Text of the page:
Warwick Medicine Interview Tips

Advice & Insight From Interview Specialists

Warwick Medical School Graduate Programme

Every year, around 450 prospective medical students are selected to attend for interview at Warwick Medical School. This represents a great achievement plus, with nearly 200 of these individuals being made an offer post-interview, a Warwick interview represents many candidates’ best opportunity for gaining a place on a graduate Medicine course.

Multiple Mini Interviews (MMIs)

Interviews at Warwick are conducted in the MMI format. Prospective medical students tend to have a love-hate relationship with the MMI process. Many feel they are unable to fully sell themselves when they are assessed by so many different selectors in such short periods of time. However, some prefer this aspect of the MMI as it allows applicants to move onto each station with a fresh start if the previous station has gone poorly. It is important to bear this in mind during the interview, as it is crucial to develop rapport with the selectors each time you enter a new station. Each set of selectors has no idea how you have performed in the other stations. As there can be several selectors at each station, candidates are often assessed by more than six staff members at Warwick interviews. These staff have a range of backgrounds, from healthcare professionals to actors to academics, and will be able to give a more thorough assessment than a smaller panel interview. Once the interviews are complete, scores for each station are combined and the applicants with the highest score will receive offers.

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On the Day

On arriving and registering on your interview date you will wait in a holding area before being taken to the interview area. Candidates work through six stations for around two hours. There will be time to read instructions for each station before entering each room, giving candidates an opportunity to briefly relax and prepare for the next station. These stations can test various skills, although Warwick suggests these topics are a good starting place for preparation:

• Team working
• Insight
• Resilience
• Communication
• Empathy
• Probity
• Respect and dignity

Station Examples & How to Prepare

Preparing for the MMI is very similar to preparing for a standard panel interview. As Warwick University have provided a list of examinable topics, it is key to gear your revision around these topics.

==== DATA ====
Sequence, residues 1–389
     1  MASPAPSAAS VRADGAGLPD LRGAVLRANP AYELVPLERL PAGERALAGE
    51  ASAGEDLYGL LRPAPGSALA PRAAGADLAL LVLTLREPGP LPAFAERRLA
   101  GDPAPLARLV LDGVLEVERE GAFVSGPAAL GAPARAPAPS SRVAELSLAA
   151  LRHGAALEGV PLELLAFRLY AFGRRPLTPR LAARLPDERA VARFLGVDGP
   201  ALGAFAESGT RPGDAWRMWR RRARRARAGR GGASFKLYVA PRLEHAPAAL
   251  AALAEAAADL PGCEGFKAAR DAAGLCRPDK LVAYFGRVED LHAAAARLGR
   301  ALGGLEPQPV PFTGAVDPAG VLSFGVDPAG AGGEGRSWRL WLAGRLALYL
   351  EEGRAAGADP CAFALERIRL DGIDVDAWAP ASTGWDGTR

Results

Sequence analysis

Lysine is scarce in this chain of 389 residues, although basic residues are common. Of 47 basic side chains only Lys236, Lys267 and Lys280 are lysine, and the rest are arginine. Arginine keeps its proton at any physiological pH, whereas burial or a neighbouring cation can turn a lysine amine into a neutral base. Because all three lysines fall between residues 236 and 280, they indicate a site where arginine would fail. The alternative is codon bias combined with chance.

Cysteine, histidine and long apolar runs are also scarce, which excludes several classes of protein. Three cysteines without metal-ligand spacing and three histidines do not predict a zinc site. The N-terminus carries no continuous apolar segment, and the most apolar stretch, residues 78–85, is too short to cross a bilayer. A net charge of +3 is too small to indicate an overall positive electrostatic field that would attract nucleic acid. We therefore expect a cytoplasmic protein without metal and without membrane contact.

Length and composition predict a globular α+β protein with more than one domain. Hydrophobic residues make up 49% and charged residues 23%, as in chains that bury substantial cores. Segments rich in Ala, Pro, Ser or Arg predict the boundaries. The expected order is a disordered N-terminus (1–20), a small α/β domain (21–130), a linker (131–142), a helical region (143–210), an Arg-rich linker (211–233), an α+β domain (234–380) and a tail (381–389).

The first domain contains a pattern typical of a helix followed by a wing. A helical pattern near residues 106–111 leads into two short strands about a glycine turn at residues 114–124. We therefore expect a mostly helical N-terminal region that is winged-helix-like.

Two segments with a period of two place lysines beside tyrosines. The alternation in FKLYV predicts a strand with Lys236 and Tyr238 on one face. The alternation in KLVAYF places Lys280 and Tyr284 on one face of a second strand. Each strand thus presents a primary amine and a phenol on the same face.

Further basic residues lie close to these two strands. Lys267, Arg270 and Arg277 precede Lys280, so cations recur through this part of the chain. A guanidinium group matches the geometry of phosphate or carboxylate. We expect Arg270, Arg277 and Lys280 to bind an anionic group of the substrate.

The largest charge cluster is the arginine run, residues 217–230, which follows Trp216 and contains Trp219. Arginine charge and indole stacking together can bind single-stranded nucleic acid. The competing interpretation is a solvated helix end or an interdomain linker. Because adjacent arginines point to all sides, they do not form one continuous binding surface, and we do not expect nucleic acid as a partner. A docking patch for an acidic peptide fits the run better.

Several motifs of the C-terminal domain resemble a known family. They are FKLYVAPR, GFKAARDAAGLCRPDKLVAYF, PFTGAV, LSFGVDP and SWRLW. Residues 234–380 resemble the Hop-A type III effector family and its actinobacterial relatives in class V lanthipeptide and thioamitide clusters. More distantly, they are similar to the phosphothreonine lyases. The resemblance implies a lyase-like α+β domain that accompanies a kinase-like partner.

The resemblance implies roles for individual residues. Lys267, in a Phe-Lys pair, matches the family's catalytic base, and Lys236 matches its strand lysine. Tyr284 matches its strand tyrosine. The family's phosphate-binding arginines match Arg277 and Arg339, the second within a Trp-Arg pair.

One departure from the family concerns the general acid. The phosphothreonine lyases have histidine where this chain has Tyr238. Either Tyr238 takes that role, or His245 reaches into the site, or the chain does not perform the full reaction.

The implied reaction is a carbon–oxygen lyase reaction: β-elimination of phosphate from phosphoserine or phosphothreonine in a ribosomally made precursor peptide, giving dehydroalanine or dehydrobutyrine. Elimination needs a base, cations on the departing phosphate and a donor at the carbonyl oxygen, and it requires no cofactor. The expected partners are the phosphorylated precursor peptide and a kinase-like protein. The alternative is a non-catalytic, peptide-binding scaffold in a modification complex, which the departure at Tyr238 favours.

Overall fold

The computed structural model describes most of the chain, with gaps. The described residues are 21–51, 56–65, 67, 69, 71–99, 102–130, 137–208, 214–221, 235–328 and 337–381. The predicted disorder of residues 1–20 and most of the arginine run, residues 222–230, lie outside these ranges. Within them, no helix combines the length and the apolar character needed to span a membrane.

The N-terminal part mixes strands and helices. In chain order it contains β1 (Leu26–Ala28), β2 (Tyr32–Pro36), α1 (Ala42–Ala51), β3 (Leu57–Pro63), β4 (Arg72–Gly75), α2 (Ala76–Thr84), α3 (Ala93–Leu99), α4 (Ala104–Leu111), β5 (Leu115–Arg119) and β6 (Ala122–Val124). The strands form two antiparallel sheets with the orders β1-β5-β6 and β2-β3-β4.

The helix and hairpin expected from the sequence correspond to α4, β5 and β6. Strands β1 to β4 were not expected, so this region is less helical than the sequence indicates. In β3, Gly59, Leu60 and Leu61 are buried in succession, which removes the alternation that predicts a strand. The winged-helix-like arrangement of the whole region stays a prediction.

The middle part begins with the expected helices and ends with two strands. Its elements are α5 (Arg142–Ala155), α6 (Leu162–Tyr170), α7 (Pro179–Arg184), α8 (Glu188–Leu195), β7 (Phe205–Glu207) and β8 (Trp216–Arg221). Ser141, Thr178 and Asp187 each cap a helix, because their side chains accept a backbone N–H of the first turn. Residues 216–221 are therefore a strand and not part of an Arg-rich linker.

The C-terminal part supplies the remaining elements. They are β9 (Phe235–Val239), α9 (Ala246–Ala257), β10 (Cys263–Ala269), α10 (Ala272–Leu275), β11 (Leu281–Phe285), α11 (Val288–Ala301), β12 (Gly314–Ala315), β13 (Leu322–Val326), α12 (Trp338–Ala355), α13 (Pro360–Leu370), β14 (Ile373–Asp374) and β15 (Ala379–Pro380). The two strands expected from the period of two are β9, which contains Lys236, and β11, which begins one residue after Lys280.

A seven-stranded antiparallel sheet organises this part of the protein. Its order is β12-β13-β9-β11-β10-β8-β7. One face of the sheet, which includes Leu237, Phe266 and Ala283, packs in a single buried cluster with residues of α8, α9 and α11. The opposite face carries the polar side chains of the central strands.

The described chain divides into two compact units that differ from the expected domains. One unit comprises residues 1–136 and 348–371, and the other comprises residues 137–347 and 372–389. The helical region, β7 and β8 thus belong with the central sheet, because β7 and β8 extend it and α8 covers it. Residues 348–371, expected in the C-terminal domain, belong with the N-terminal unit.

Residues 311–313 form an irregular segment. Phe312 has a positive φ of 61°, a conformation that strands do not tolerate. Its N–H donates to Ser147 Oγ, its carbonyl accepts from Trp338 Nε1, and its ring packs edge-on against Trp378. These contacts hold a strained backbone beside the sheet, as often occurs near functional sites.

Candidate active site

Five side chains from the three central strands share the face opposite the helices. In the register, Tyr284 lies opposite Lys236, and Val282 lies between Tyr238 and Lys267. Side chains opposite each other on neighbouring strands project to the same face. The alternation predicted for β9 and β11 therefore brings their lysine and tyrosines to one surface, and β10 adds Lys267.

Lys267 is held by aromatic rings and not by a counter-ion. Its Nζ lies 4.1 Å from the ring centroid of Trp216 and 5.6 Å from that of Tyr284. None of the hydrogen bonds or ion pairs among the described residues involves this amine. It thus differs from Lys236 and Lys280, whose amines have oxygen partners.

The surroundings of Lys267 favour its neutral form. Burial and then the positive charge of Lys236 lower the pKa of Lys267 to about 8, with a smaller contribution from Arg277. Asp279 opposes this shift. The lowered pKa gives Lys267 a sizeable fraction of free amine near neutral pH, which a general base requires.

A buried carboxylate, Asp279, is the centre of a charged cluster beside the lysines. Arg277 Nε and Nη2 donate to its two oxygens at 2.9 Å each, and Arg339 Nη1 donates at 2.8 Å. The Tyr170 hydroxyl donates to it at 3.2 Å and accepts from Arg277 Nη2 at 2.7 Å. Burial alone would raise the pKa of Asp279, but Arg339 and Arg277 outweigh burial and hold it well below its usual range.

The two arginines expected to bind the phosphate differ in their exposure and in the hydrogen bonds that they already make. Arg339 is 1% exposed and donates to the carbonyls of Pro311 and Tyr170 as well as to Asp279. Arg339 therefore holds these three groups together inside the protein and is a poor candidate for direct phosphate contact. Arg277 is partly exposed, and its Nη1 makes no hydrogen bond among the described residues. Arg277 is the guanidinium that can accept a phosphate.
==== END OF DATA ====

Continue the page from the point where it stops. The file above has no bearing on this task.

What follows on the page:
Examples of previous stations include speaking to a current Warwick medical school student. This station may assess your knowledge about the medical school and explore your inspirations for applying to Warwick. Medical schools are very keen on prospective applicants having thoroughly researched their programmes in order to know it is the right fit for them. Graduate medical school places are few and far between and it is crucial that they are given to the right individuals. To tackle this scenario, read the course website and think about why Warwick is the best fit for you. What would you want to ask a student who is studying there today?
An example of a communication station could involve the prospective applicant playing the role of a GP conducting a consultation with a partially deaf patient. This would require the applicant to think of ways to effectively communicate with this individual whilst also preserving their dignity. These methods could include ensuring you speak to the patient whilst looking at them, allowing them to lip read.
As always, it is important to think well about why you have decided to apply to medical school. With the hours of work experience required by Warwick, you can think of some examples from your extensive work experience and combine this with any personal reasons for a more thorough answer.
For other stations, it is crucial to think about examples of team working and being able to display examples of empathetic behaviour.
Some stations may require candidates to have an awareness of newsworthy medical ethical dilemmas. Examples of this in the past include the Charlie Gard case. It is important for candidates to perhaps not have too forceful an opinion for either side of ethical debates, but to present a balanced argument for both sides in order to show that you have considered all points of view.
In the run-up to your interview, it is very important to practise mock interviews. Try asking friends or family to act as selectors!
To attempt a range of past MMI questions used in Warwick MMI Interviews (as well as their model answers) subscribe to the Online MMI Question Bank.
With the right preparation and a calm attitude, the interview can be an enjoyable and rewarding experience.

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Warwick Medicine Interview Tips

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